Environmental, Social, and Governance (ESG) investing, which is in vogue among leading corporations and financiers, has suffered the most in the current downturn. ESG investors tend to select stocks from growth industries like technology, which often favor short-term yields over long-term results. Though tech companies are well known for bankrolling social justice initiatives in reaction to national events like the death of George Floyd or the overturning of Roe v. Wade, they were the first to lay off large portions of their staff as the stock market began its months-long tailspin.
For instance, iShares’ ESG Aware MSCI ETF — which has its largest holdings in companies like Apple, Microsoft, Amazon, and Tesla — is down over 21% since the beginning of 2022, slightly lower than the overall S&P 500 index. Meanwhile, iShares’ Global Energy ETF — dominated by oil and gas conglomerates like Exxon Mobil, Chevron, and Shell — has risen nearly 16% over the same time period.
“The ESG movement’s realization that shunning traditional energy companies sacrifices profits proves what everyone else already knew: virtue signaling isn’t free,” entrepreneur Vivek Ramaswamy, who recently launched an asset management firm centered upon “excellence capitalism,” told The Daily Wire. “Large asset managers are desperate to go back to the days of investing money to make money, but their hands are tied by the ESG rope of their own making.”
Asset managers BlackRock, Vanguard, and State Street — which, on average, control a combined 20% stake in every Fortune 500 company and manage $21 trillion — have advanced ESG efforts within the ranks of their portfolio companies. By adopting ESG goals, companies commit themselves to pursuing green energy adoption, appointing a certain number of racial minorities to serve as executives, or otherwise mingling profitability with progressive politics.
Investor and author Jerry Bowyer, who serves as a senior fellow at the Center for Cultural Leadership, told The Daily Wire that recent stock market outcomes prove that “ESG is not a serious approach to investing for return.”
“If ESG vendors would openly admit that they were moving their gaze away from the pursuit of returns for their clients, it would be more defensible,” Bowyer argued. “Clients would then know that they’re likely making a little offering to the gods of social responsibility in the form of lower returns. But what has happened is that the ESG industry has pretty consistently denied the return sacrifice and engaged in highly speculative arguments that ESG is good for shareholders.”
A November 2019 report from consulting firm McKinsey, for example, argues that companies which intentionally lower their energy consumption can benefit from cost reductions and reap higher returns by avoiding investment opportunities that “may not pay off because of longer-term environmental issues.”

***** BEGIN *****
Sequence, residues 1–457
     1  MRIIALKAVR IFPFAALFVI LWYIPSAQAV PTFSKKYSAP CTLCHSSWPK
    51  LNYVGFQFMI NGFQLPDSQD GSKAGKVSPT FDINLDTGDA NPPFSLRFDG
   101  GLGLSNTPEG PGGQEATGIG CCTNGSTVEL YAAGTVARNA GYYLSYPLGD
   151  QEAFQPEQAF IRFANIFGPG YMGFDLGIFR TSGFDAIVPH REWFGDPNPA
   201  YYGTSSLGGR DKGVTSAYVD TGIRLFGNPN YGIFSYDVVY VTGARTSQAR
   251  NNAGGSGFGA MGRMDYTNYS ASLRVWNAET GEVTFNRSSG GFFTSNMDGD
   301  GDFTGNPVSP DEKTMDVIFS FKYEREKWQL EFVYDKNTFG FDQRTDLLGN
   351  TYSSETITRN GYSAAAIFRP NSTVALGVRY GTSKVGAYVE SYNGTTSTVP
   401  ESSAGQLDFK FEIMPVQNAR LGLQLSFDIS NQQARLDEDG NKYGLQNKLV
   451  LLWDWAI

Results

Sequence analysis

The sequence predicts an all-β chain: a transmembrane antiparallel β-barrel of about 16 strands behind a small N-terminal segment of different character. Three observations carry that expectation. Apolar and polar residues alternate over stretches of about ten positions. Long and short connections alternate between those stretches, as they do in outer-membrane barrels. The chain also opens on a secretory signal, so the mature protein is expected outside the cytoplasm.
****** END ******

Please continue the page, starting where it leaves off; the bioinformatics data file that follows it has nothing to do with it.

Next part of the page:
Bowyer said that state treasurers are currently noticing that “arbitrarily excluding a major center of value creation such as oil, gas, and coal companies is not consistent with their fiduciary responsibility to pension investors.” Indeed, several Republican state treasurers have sounded the alarm over Wall Street’s efforts to use ESG metrics as an excuse to discriminate against public financing efforts from states with conservative values.
“The world of retirement funds is waking up to the problems earlier because the law is clearer regarding obligations to put investor interests first,” Bowyer remarked. “But in general, those people in the industry who are closest to investors — for example, financial advisors — are more aware of ESG problems than the top-down part of the industry in gigantic institutional money management.”
While large asset managers continue to push ESG, an exclusive Daily Wire poll conducted by Echelon Insights recently indicated that there is a desire among American investors for more opportunities apart from progressive investing. Respondents recognized that ESG tends to promote “more liberal positions” than “more conservative positions.” While 50% believe the former and 16% believe the latter, only 21% believe that ESG investing is neutral.
David Bahnsen, the founder of Manhattan-based wealth management firm The Bahnsen Group, told The Daily Wire that “the pendulum will swing” away from “ESG insanity” in light of recent stock market trends.
“But along the way, will there be ongoing damage from those who have already dug their heels in? I am sure that is true, too,” he added. “The objective must be for markets to punish the ESG zealots enough that market forces usher in a reasonable pivot. Here, I do not merely mean stock prices, but rather the response of employees, managers, vendors, suppliers, and more.”
Indeed, the pendulum may be swinging among the broader American population. While 29% of respondents to The Daily Wire’s poll agreed it is a “good thing” for companies to leverage their financial power for political or social means supported by executives, 58% — twice as many — said it is a “bad thing.”